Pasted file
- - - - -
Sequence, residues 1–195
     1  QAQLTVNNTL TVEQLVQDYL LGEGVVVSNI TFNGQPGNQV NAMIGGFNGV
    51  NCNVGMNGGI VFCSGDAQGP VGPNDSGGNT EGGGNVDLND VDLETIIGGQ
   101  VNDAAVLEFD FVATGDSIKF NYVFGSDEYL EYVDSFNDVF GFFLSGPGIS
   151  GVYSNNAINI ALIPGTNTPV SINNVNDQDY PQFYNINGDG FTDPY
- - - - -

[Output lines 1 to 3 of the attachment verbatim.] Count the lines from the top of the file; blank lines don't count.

Sequence, residues 1–195
     1  QAQLTVNNTL TVEQLVQDYL LGEGVVVSNI TFNGQPGNQV NAMIGGFNGV
    51  NCNVGMNGGI VFCSGDAQGP VGPNDSGGNT EGGGNVDLND VDLETIIGGQ